Metaphors are more like poems than mathematical equations. Love is like a heat wave is easy to rhyme, but it collapses under scrutiny.
Governments are like a household and have to live within their means is a metaphor and while it makes something complicated seem simple, it, too, collapses under scrutiny. (When do we reach the retirement phase of our government is like a household and all stop working? And why can't we be like other families and just sit down to a pleasant dinner some day without all this arguing?)
There are lots of dangers with this metaphor as a substitute for thought. The most obvious is that if a government behaves like a household, it just makes things worse.
Any household with good sense will spend lots when it is making good money and will act more frugal when times are tight. If mom gets laid off, we buy our clothes at Goodwill instead of the mall. If mom gets promoted, we travel to the Caribbean instead of Phoenix. This makes perfect sense.
Governments are different. Remember Joseph's first job out of prison, working for the Pharaoh in a role akin to Prime Minister? He got that job by interpreting the Pharaoh's dream and warning him that Egypt would have 7 years of prosperity and then 7 years of famine. His advice was to save a portion of the corn every one of the good years and then dispense it out in the bad. Joseph basically told the Pharaoh to act completely backwards from what a household should. When times were good, save and be frugal, Joseph said. When times were bad, raid the storehouse and spend more liberally. This works.
Now the opposite of Joseph's advice would be what we've seen in the advice of talk show hosts in the last 10 years or so. When employment rates were low and the economy was growing, they cheered government tax cuts and the onset of wars that increased spending. Like a household, it made sense to them that government would act flush when the economy was relatively flush. But this was not such a great thing. For one thing, the government stimulating an already growing economy helped to create one of the biggest housing bubble in history. Now, when times are bad, the radio talk show hosts are saying that the government should tighten its belt. Most states have already done that and eliminated government jobs, adding to job market woes. We might yet escape a double-dip recession, but it will - best case - be one of the slowest and weakest recoveries on record. By contrast, China and South Korea engaged in far bigger stimulus (as a percentage of GDP) and came off of a far more fiscally conservative period before the global recession and already those economies are growing at a multiple of ours. A recession is no time to be worrying about a deficit.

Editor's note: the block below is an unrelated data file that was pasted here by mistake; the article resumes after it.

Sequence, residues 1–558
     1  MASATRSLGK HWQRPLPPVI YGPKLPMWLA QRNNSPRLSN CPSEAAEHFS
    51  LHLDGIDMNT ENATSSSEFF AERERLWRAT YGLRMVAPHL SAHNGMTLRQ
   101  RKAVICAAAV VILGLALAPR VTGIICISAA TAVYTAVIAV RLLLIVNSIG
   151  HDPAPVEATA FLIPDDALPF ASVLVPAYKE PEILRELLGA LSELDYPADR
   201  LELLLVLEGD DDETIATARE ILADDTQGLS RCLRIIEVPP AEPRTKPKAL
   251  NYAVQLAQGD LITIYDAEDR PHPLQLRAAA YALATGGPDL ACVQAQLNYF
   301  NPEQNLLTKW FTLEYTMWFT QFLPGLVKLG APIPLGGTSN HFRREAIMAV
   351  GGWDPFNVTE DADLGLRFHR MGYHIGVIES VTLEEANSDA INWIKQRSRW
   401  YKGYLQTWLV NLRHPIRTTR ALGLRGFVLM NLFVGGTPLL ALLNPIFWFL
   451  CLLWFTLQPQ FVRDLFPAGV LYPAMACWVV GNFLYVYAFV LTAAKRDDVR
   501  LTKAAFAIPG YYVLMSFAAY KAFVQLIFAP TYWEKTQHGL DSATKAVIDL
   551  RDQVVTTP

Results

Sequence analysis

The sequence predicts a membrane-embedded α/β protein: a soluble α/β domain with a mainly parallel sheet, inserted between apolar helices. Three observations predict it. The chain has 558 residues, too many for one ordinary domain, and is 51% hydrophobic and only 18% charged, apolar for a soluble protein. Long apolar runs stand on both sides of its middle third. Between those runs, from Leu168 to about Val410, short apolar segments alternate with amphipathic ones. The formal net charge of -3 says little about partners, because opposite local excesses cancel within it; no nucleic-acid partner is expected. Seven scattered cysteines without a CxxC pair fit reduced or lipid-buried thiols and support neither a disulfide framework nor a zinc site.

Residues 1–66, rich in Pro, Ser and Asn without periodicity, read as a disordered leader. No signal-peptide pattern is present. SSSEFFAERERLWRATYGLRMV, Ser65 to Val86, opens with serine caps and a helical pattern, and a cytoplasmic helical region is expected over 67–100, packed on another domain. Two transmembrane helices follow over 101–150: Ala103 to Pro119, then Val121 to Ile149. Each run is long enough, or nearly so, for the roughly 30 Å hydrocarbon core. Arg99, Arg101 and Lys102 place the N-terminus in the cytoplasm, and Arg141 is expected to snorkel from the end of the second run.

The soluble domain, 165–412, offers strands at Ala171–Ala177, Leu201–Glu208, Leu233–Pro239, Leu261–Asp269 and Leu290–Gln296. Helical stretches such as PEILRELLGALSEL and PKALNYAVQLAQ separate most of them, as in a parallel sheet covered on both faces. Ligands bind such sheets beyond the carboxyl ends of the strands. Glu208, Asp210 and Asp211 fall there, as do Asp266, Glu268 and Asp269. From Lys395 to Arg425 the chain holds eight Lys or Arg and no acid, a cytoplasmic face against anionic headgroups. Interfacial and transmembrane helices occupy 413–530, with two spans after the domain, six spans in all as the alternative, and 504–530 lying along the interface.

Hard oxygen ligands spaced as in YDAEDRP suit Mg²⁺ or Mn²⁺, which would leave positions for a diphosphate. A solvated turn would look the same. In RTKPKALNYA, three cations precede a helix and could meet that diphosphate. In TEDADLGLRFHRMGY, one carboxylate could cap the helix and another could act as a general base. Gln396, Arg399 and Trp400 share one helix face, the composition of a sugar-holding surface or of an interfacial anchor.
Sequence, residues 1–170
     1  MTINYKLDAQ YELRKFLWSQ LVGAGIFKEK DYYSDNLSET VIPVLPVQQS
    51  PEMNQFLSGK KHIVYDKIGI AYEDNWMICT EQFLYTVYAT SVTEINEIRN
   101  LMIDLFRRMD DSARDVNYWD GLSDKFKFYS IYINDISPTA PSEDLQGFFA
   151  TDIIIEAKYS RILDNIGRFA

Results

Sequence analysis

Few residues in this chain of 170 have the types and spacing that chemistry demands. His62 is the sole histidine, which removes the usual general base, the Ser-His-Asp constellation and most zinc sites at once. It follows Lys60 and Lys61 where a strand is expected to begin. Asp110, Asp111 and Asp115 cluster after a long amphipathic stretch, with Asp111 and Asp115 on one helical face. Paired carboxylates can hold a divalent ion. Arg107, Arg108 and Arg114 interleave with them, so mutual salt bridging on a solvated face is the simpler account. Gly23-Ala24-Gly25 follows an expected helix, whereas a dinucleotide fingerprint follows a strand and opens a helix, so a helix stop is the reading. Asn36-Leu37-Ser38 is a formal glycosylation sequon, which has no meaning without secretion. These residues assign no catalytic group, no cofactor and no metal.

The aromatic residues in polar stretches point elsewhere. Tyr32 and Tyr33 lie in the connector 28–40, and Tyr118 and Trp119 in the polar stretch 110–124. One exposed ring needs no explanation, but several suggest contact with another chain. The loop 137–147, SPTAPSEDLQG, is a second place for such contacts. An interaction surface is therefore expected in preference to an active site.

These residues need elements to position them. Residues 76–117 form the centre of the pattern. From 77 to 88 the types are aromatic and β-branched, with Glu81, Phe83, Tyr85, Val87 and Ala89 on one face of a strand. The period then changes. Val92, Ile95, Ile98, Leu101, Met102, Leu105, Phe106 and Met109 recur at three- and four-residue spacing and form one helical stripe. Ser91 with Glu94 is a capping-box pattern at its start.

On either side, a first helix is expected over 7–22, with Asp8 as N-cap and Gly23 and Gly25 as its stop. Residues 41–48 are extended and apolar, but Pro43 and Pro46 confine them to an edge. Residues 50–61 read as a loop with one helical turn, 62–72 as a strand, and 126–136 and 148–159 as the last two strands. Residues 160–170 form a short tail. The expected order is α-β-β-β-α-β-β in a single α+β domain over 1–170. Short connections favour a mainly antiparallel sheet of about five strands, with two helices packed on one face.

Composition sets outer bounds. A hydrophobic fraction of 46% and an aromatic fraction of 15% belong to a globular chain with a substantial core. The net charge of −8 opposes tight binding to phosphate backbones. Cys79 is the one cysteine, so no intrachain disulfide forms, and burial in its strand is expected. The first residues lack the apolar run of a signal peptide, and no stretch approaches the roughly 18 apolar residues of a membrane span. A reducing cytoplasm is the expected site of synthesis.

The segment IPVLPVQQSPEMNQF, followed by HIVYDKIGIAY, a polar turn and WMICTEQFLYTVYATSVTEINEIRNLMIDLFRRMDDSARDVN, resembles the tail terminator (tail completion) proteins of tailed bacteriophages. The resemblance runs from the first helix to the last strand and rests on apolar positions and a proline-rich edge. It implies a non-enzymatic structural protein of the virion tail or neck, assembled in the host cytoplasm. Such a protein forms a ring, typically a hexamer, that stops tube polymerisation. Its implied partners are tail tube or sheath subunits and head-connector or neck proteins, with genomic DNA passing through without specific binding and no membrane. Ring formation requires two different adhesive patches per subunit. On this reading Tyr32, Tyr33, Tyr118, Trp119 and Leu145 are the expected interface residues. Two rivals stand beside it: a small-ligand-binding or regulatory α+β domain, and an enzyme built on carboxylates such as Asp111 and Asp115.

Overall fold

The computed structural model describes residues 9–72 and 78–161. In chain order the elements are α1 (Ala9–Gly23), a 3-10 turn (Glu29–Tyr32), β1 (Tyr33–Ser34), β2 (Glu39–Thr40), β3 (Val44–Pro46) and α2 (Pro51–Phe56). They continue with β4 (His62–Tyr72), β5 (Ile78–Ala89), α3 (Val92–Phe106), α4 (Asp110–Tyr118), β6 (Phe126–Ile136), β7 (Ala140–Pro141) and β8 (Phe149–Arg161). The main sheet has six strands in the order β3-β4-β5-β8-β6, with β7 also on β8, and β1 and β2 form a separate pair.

So, when government is run like a household and ignores Joseph's advice, boom times become bubbles and bad times become busts. (Every depression in the US followed a time of paying down federal debt. Read more in this great article by Jim Luke.) When the private sector is again thriving, it would (contrary to intuition) be a good time to raise taxes and cut government spending, reducing the deficit. For now, though, the deficit is an abstract problem that can be deferred for a year or two. Sure, we're spending down the storehouse of corn now but you do that in bad years.
The government is no more like a household than love is like a heat wave. But still, it is your turn to do the dishes.